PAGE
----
THE BIRTH OF A NATION (15 October 2016)
Written, directed, and starring Nate Parker as Nat Turner, Armie Hammer as his master, and Aja Naomi King as his wife.
The time is 1831. Turner is a literate slave and preacher on a Virginia plantation who led a 48-hour slave rebellion that resulted in the deaths of more than 50 slave holders. He was captured and hanged, along with more than fifty slaves. What little we know of his story comes from the publication in 1831 of The Confessions of Nat Turner, the Leader of the Late Insurrection in Southampton, Virginia, by a white lawyer named Thomas R. Gray. In 1861 the white abolitionist Thomas Wentworth Higginson published an essay entitled Nat Turner’s Insurrection. A century later, in 1865, William Styron published his controversial, Pulitzer Prize-winning The Confessions of Nat Turner. Initial attempts by Hollywood to adapt it to the screen were blocked by Black Anti-Defamation Association, a group of African-American actors.
Turner’s motives have been regarded, by turns, as political, religious, and personal, the latter hinging on his vengeance for his wife’s brutal rape by local slave masters. Now, in Nate Parker’s new film, there is a decided emphasis on Turner’s bloody vengeance for the brutalization of his wife. There is even a scene where she gives him permission to avenge her rape. With Biblical fire and brimstone—“For every verse they use to support our bondage, there’s another one demanding our freedom”—he hastily arms his followers and leads them into battle against the slave holders. There is carnage on both sides. To the strains on the soundtrack of the song, “Hanging Fruit,” a dozen slaves are hoisted into the trees, where they are hanged by the neck. Turner’s execution quickly follows.
As beautifully shot and edited as is this film, I must admit that at moments like the “Hanging Fruit” scene, I began to squirm. Moments of subtlety that had heretofore been present were subverted by heavy-handed sermonizing. Moreover, I had been trying to resist a growing awareness that Parker was loading up Turner’s story with images of spiritual transcendence and ecstasy. Turner’s insurrection is here fraught with Jesus metaphors of martyrdom: Blood flows from an ear of corn. At crucial moments, heavenly rays outline Turner’s body. An angelic figure, wings and all, appears to him at the moment of his death. A murmuring, churchly chorus surrounds the moment. The benevolent Turner has become a holy warrior.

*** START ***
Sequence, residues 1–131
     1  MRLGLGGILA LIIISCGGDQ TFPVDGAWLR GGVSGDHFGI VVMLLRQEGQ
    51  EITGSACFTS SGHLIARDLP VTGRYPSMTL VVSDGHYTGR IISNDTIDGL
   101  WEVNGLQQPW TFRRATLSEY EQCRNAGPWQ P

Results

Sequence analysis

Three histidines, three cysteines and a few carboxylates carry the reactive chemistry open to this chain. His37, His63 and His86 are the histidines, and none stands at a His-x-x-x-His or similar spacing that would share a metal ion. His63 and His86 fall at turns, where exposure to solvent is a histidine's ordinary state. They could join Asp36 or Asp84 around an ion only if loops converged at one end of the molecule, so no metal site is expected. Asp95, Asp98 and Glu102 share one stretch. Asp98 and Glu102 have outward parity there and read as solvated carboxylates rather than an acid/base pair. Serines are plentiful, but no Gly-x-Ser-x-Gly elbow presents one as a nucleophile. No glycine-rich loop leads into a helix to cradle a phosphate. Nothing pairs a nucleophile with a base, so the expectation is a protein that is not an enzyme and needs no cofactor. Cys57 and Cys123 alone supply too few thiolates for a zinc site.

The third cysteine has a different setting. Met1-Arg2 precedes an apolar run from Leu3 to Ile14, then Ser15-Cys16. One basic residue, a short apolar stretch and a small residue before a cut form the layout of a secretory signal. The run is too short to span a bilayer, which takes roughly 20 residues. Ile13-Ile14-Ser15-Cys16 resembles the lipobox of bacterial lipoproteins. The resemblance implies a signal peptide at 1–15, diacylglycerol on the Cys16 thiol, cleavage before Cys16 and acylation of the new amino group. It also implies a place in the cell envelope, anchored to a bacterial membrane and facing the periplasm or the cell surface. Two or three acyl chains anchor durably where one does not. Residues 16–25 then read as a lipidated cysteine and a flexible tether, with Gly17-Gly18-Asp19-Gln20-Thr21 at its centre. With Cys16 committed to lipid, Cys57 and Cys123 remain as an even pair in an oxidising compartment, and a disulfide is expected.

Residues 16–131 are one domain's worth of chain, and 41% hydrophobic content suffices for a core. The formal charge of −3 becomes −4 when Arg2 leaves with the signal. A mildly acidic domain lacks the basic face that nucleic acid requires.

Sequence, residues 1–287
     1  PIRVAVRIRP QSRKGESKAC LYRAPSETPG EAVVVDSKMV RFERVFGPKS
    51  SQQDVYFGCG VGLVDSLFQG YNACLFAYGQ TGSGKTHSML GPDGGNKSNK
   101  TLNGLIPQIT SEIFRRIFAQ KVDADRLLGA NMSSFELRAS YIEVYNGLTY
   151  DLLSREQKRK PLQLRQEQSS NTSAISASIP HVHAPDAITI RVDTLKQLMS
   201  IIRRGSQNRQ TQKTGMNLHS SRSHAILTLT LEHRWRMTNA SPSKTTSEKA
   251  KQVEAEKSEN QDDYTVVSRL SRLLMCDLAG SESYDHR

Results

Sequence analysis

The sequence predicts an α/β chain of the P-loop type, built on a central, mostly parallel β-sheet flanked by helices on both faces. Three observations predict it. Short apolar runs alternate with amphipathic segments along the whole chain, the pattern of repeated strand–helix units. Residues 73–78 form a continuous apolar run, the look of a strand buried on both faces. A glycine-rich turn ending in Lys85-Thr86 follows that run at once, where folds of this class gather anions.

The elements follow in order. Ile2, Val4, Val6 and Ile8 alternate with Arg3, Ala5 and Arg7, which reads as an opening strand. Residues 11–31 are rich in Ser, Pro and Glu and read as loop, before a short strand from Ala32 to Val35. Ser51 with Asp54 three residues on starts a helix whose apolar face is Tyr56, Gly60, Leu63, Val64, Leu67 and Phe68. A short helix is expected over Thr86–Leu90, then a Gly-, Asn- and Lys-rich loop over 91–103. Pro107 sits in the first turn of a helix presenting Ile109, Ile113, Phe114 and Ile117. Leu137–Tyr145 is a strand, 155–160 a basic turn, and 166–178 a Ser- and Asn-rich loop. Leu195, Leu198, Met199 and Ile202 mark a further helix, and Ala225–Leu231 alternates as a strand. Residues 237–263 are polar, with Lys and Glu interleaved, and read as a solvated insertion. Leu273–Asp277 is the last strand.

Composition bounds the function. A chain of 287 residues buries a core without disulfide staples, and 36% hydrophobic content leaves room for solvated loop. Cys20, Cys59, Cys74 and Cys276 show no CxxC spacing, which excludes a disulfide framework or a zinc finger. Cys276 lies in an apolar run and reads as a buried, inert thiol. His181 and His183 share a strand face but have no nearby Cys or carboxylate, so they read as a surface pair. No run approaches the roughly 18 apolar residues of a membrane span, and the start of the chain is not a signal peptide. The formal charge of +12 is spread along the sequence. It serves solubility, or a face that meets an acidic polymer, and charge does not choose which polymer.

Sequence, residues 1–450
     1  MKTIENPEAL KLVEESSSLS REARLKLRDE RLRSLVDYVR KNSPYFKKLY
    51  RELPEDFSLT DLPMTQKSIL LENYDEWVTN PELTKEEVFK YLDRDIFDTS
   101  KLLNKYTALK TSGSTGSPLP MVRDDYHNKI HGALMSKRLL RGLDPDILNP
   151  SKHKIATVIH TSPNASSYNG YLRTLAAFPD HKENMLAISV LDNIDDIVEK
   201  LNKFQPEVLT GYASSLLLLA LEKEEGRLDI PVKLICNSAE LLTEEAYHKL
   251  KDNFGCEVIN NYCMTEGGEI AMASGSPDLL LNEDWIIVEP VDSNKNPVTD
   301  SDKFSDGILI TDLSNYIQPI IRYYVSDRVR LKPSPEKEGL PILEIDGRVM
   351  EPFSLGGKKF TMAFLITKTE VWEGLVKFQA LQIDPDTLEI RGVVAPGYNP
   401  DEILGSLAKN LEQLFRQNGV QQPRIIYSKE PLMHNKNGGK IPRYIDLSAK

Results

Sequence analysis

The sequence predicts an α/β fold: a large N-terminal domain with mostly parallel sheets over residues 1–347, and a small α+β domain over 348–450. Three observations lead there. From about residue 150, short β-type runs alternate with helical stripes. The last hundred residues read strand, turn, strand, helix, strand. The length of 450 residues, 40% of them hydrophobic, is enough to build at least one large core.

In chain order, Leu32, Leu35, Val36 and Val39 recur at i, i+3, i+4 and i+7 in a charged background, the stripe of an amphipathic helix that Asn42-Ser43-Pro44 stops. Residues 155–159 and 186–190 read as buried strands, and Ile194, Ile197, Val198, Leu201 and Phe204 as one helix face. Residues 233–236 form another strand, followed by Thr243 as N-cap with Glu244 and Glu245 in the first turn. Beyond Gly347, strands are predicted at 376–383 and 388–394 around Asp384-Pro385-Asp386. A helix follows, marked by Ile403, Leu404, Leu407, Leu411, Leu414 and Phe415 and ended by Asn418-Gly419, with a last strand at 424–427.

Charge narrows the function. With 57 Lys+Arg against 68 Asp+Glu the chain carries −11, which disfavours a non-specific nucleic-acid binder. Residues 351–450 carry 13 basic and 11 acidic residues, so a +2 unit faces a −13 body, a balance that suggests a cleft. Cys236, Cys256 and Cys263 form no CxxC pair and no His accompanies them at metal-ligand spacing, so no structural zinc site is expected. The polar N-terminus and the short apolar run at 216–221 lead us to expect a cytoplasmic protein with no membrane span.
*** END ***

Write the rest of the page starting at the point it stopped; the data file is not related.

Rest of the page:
To what degree this dilute the political contexts of Turner’s story is a matter for debate. I for one, regretted the concession to Cecil B. DeMille’s brand of Hollywood religious hooha. There is no gainsaying Parker’s fervor and his admirably restrained performance as Turner. But I got the impression that the political and social contexts of a story about revolt and freedom were sacrificed to a more simplistic revenge story. As critic SalamischahTillet writes in the New York Times, “In a film about coming to terms with the nation’s founding sin of slavery. . . the representations of rape here feel eerily retrograde.” In an appended note, the critic observes that The Birth of a Nation is “out of step with the cause it has often been associated with, Black Lives Matter, which has steadfastly resisted the model of a single charismatic male leader and has primarily been led by African-American women.”
If you want to check out a film that bears more than a little resemblance to this, but which chronicles its true story with no concessions to spiritual eyewash, see Fred Schepisi’s wholly admirable The Chant of Jimmie Blacksmith, the Australian story of a 19th-century indigenous slave’s bloody revolt against his masters.